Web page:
131 C. F. Naurnann. B. fibs. K Sigel, Eur. J. Biochem. 41, 209 (1974).
I41 Definitions of ,yCN and vocare given in M. Sundaralingam, Ann. N. Y . Acad.
Sci. 255, 3 (1975).
I51 0. Kennard, N . W.Isaacs. W.D . S. Motherwell, J. C. Coppola, D. L. Wampler.
A. C. Larson. D. G. Watson. Proc. R. SOC.(London) A 325. 401 (1972).
[61 Chaiau-Yu Wei, B. E. Fischer, R. Bau. J. Chem. SOC.Chem. Commun. 1978,
1053; K. Aoki, J. Am. Chem. SOC.100,7106 (1978).
[71 D. H . Bufflaire.M. Cohn, J. Biol. Chem. 249, 5733, 5741 (1974).
Insertion of -CN
into the Metal-Carbene Carbon Bond:
A Route to Methyleneaminocarbene Complexes
By Helmut Fischer and UIrich Schubert"'
Owing t o the polarity of the CN-bond, azomethines
react with a wide variety of substrates"].
Complexes formed by replacement of one of the substituents (R', R' o r R3)are therefore especially suited for stu-
[*I Dr. H.Fischer, Dr.
U. Schubert
Anorganisch-chemisches lnstitut der Technischen Universitat Miinchen
Lichtenbergstr. 4, D-8046 Garching (Germany)
0 Verlag Chemie GrnbH, 6940 Weinheim. 1981
dies on the influence of metal-organic fragments on the
reactivity of organic functional groups. In the case of the
methyleneaminocarbene complexes
an additional polarization and thus activation of the N=C
bond could be expected, owing to the large deficiency of
electrons at the carbene-carbon atom.
Compounds of type ( 1 ) are now readily accessible by
reaction of arylcarbene(pentacarbonyl)chromium(o) and
-tungsten(o) (2) with cyanamides. The complexes (2) react
with dimethylcyanamide (3) almost quantitatively in polar
or non-polar solvents, even at room temperature, with insertion of the CN-group into the metal-carbene carbon
bond to give pentacarbonyl[dimethylamino(methyleneamino)carbene]chromium(o) and -tungsten(o) (4)IZ1.
carbon. On the basis of the observed geometry a most unusual nx-px bonding must be assumed for C1-N2. The contribution of the carbonylmetal fragment to the electronic
stabilization of the carbene-carbon is small, owing to the
contribution of the two organic substituents, as is evidenced by the very long Cr-Cl
bond-whose unusual
length is only seldom met with, even in aminocarbene
The 'H-NMR spectrum of (4d)(in hexachlorobutadiene)
does not alter until decomposition of (4d)takes place, with
concomitant change in color to brown. An isomerization of
E to A and/or B or to Cand/or D can therefore not be detected.
The formation of (4) from (2) and (3) is a second-order
reaction. The rate constants k of a series of diphenylcarbene(pentacarbony1)tungsten complexes, in which one of
the two parahydrogen atoms is replaced by a donor group,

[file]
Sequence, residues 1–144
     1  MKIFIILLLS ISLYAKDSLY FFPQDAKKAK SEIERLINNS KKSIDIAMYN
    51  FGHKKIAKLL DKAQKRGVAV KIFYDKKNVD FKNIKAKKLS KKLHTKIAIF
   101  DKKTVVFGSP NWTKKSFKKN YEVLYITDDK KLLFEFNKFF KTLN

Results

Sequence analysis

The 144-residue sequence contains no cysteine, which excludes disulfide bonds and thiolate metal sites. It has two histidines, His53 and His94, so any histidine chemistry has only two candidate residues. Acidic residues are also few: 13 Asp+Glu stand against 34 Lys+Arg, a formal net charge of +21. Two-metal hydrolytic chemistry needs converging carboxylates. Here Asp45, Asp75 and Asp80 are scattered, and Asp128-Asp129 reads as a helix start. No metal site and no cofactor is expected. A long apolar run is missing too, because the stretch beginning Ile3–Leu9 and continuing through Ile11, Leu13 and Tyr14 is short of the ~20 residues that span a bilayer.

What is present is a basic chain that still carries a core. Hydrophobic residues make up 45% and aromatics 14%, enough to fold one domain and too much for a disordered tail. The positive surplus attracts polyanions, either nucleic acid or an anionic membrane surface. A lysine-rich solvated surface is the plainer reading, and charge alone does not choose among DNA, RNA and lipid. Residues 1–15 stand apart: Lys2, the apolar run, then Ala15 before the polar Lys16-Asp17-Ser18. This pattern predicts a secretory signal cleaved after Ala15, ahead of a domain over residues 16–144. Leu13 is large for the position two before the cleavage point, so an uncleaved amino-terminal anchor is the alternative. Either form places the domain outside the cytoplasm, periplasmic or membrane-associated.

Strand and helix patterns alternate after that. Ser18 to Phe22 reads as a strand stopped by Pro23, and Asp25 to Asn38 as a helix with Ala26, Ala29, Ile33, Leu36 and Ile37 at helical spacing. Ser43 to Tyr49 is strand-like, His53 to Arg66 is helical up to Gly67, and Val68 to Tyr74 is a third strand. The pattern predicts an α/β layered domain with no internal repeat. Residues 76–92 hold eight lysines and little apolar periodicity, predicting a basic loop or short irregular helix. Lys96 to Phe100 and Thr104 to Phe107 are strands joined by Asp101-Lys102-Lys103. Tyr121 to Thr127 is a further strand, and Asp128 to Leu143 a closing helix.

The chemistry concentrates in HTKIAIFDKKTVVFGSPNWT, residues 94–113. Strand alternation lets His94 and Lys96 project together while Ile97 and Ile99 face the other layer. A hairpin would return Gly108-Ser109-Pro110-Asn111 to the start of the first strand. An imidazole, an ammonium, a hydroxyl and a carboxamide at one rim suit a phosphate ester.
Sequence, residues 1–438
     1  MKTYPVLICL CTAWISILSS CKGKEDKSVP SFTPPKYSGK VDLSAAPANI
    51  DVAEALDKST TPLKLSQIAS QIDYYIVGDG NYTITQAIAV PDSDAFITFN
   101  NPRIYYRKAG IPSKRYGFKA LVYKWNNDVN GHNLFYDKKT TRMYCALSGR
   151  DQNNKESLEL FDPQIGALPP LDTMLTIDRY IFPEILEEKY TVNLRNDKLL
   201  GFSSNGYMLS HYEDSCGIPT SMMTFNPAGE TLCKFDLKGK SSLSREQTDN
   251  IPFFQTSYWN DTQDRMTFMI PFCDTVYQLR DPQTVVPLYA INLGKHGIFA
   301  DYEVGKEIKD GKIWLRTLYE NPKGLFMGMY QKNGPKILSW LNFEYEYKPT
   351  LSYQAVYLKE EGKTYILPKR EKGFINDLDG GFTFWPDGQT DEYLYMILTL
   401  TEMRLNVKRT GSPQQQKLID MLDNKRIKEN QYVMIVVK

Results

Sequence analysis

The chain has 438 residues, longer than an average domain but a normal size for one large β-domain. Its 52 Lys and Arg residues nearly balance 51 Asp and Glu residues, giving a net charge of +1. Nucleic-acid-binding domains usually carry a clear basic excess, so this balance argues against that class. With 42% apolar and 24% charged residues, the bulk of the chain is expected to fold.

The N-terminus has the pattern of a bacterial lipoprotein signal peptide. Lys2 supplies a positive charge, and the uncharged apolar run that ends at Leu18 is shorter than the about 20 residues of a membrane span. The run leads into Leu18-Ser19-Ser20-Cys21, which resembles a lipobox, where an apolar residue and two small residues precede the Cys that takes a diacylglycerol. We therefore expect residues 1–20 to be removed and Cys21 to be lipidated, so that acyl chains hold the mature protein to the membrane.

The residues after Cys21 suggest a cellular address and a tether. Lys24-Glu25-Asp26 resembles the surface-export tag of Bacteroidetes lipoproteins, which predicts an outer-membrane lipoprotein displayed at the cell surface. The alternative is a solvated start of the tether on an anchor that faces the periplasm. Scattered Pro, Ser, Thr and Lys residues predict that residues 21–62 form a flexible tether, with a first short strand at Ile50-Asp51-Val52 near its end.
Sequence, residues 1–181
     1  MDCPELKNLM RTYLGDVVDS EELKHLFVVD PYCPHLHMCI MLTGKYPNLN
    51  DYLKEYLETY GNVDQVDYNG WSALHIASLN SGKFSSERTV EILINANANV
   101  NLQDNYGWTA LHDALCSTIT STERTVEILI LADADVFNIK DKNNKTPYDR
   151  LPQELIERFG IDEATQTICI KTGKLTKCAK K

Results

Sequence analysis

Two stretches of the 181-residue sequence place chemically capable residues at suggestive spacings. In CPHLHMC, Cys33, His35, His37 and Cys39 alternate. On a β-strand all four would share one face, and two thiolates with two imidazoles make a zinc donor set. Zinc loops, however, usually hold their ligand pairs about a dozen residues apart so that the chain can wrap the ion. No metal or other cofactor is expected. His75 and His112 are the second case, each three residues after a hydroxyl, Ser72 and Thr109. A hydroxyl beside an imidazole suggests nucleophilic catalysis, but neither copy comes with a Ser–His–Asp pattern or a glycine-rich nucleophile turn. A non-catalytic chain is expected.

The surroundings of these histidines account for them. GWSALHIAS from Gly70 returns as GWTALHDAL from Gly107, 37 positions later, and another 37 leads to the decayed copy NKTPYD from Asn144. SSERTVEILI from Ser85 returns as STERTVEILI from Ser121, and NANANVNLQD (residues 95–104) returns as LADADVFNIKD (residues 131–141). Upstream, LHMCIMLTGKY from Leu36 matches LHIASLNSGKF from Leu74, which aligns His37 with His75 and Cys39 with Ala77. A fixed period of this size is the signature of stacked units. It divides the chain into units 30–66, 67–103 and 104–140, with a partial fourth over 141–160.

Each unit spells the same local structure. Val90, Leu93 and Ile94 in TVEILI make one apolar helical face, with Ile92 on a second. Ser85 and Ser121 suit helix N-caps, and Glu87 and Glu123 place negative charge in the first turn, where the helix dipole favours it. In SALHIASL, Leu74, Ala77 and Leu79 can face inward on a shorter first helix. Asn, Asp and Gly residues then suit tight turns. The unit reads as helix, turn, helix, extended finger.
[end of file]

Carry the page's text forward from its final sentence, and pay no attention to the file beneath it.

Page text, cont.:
or by an acceptor group, show a good positive correlation
with the Hammett o-constants[61.This suggests a nucleophilic attack of the negatively polarized nitrogen of the CN
group of (3) at the 6'-polarized carbene-carbon of (2) in
The new yellow crystalline products (4), which are stable
under nitrogen at room temperature, are readily soluble
in polar solvents, and only moderately soluble in nonpolar solvents. The position of the vco bands hardly
changes on varying R, whereas the C=N stretching
vibration (KBr mull) is more influenced: 1680 ( 4 4 , 1677
(4b), 1644 (4c), and 1636 (4d) cm-'; cf. 1666
and 1611 cm-'
The two singlets observed for the N-CH3 protons in
the 'H-NMR spectra indicate partial double bond character of the CCarb--N(CH3)-bond.Moreover, it follows from
the 'H-NMR spectra that only one isomer (A, B, C, D or E)
is formed.
R' = C6H5, R" = R
, R" = C6H5
B, D: R'= R
A , C:
In all four isomers with parallel n-systems ( A - 0 ) considerable steric interactions are to be expected, either with
the carbonylmetal moiety or, with the amino groups coplanar to the carbene plane in aminocarbene complexes. An
X-ray structure analysis showed the presence of the isomer
E (torsional angle Nl-Cl-N2-C2:
100.6"); indication
of this was already provided by the yellow color of (4).
since in the case of A - D the first absorption maximum
would have been expected at distinctly higher wavelengths. The equal lengths of the Cl-N1 and Cl-N2
bonds (see Fig. 1) prove that there is, nevertheless, n-interaction between the two nitrogen atoms and the carbene-
0 Verlag Chemie GmbH. 6940 Weinheim, 1981
Fig. I. Structure of complex (4a).The hydrogen atoms are not shown. Standard deviations: 0.4-0.7 pm, and 0.3-0.4".
the first reaction step. Subsequently, insertion into the
M-Ccarb bond takes place-most likely with intermediary
formation of a metallacycle. A similar mechanism was also
deduced from the results of kinetic studies on the insertion
of ynamines into the metal-carbene carbon bond of carbene
and presumed for the insertion of ethoxyacetylene in the same compounds17b1.
Complexes of type
( I ) were previously only accessible by reaction of pentacarbonyl[methoxy(methyl)carbene]chromium(o) with oximes
or diphenylmethaneimine[8al and of pentacarbonyl[methoxy(phenyl)carbene]chromium(o) with 1-aminoethanolfsb1.
An investigation of the reactivity of these compounds however, was not carried out, mainly owing to the poor yields
(5.7 to 21%). In addition, two complexes amino-substituted
on the methylene group [R2= N(C2H&, R3= C2Hs]could
be obtained by addition of amino(methy1)carbene- or amino(phenyl)carbene(pentacarbonyl)chromium(o)
to N,Ndiethyl- 1-propynylamine[".
A solution of (2) (1.0 mmol) and (3) (1.05 to 1.10 mmol)